Henry Feyerabend

The Bible, at least sometimes, recommends the use of intoxicating liquor. If this is not the case, what is meant by the verses in Proverbs 31:6, 7?

Here is how the text in question reads:

"Give strong drink unto him that is ready to perish, and wine unto those that be of heavy heart. Let him drink, and forget his poverty, and remember his misery no more" (Proverbs 31:6, 7, KJV).

Should someone desire to use this text as a pretext to drink alcoholic beverages, he would have to meet one of two conditions in order to qualify:

1. He would have to be in the last stages of a terminal illness, with no modern medical help, and no medication to relieve the pain.

2. He would have to be a manic depressive with no psychiatric help, no medication, and no Christian counselling.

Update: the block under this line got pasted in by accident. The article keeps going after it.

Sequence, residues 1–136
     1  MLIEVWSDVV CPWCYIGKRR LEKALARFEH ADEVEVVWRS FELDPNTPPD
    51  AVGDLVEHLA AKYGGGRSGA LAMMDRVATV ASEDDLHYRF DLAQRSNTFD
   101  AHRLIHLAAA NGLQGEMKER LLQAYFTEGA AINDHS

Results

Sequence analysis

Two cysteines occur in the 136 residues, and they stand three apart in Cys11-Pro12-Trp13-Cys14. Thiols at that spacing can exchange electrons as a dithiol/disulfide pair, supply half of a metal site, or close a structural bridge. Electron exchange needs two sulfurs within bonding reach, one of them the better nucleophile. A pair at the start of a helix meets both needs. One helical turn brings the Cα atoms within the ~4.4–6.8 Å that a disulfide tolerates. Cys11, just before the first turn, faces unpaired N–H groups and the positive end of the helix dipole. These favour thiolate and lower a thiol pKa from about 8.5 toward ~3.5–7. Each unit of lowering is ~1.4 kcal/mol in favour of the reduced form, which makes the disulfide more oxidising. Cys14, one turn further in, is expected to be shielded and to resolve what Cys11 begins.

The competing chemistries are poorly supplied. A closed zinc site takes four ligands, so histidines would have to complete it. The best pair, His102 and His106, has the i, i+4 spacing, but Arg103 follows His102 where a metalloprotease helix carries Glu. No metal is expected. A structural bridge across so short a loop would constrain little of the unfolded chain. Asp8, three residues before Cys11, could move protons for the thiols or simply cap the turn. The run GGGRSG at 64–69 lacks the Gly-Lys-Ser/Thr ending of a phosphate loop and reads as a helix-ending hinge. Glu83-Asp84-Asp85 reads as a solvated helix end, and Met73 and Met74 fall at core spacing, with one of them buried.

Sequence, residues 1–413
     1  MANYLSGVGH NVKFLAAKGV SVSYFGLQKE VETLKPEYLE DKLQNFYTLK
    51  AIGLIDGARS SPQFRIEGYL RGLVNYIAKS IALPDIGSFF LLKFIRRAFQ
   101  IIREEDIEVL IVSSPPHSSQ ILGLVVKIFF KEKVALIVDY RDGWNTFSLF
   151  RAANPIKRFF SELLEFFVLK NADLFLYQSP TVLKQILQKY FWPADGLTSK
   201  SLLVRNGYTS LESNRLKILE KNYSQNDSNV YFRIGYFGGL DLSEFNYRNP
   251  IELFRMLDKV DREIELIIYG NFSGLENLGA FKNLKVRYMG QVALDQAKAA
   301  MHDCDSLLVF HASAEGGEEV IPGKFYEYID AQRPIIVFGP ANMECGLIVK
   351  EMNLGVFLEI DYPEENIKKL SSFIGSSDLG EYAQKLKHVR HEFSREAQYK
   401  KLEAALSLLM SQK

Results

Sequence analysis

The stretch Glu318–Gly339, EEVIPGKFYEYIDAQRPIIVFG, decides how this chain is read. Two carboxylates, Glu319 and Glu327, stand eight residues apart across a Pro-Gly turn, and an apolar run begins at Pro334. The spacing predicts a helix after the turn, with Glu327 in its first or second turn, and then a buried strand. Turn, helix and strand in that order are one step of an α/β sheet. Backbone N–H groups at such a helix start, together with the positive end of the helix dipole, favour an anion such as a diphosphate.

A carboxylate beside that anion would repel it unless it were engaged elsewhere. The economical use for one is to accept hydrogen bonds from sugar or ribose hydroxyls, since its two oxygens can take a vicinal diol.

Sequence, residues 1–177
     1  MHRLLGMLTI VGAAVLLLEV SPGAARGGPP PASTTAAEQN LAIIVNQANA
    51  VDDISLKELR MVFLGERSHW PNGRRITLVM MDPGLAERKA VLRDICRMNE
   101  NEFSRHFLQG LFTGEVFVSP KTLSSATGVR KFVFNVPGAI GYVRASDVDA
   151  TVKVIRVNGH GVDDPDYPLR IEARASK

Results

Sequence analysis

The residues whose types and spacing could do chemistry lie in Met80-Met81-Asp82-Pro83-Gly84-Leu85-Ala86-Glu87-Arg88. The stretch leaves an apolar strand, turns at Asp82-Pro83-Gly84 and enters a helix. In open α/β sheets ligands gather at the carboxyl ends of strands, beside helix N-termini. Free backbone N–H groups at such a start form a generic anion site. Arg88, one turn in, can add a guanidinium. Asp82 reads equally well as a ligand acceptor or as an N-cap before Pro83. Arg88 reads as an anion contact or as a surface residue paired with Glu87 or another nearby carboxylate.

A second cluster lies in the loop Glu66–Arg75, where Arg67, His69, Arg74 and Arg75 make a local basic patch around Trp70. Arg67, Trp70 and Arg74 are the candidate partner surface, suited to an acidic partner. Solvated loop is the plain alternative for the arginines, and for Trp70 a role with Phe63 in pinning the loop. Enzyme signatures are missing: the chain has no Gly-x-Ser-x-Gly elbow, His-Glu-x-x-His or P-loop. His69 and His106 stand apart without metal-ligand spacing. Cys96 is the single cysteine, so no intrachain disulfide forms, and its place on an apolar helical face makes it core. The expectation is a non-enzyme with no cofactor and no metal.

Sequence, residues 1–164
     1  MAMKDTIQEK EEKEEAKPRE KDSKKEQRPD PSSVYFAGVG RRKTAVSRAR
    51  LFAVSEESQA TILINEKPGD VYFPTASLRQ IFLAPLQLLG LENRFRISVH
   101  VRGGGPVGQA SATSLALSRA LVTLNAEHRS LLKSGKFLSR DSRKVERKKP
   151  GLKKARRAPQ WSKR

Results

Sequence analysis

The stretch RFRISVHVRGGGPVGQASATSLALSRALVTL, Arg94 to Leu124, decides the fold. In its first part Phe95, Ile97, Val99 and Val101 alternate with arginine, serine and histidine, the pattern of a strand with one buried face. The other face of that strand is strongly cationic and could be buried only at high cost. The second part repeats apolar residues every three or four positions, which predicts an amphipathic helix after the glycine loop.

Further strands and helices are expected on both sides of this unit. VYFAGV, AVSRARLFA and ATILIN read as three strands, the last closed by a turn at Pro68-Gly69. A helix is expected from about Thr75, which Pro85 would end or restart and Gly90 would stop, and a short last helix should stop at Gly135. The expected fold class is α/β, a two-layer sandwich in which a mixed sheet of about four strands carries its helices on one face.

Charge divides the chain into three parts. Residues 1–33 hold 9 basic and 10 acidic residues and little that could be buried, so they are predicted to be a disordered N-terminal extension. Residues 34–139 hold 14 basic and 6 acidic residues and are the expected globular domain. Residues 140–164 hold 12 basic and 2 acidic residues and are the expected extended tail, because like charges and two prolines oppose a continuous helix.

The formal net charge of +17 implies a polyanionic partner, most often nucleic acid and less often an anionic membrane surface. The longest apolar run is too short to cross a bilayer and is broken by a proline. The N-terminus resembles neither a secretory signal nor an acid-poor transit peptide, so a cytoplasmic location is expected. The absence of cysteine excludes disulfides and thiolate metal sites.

The entire section from verses 1 to 9 is a protest against kings and persons in responsibility using strong drink. The warning is:

. . . it is not for kings to drink wine; nor for princes strong drink: Lest they drink, and forget the law, and pervert the judgment of any of the afflicted. (Verses 4, 5)

The chapter urges the king's attention to the cause of the poor and needy. Instead of encouraging the use of alcohol, the inspired writer is saying that it should be renounced by people in health and strength. The strong drink was to be reserved only for use as a medicine, for someone who is terminally ill, "ready to perish," especially in Bible times when there were no pain-killing drugs. It was also used for the manic depressive. The Bible teaches that it should be renounced by people in health and strength and prosperity.

Henry Feyerabend is the speaker of the "It is Written" telecast for Canada and evangelist for the North American Division working in connection with the Media Center evangelistic program.